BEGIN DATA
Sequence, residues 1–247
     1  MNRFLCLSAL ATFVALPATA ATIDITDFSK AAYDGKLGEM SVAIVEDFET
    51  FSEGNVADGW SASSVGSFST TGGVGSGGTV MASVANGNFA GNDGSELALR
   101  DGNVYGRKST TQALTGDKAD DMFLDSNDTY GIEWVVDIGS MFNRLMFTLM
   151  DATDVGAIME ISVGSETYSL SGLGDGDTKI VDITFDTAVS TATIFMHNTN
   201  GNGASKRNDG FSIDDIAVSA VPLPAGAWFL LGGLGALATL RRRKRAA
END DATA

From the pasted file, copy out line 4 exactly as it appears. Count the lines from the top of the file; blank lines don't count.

   101  DGNVYGRKST TQALTGDKAD DMFLDSNDTY GIEWVVDIGS MFNRLMFTLM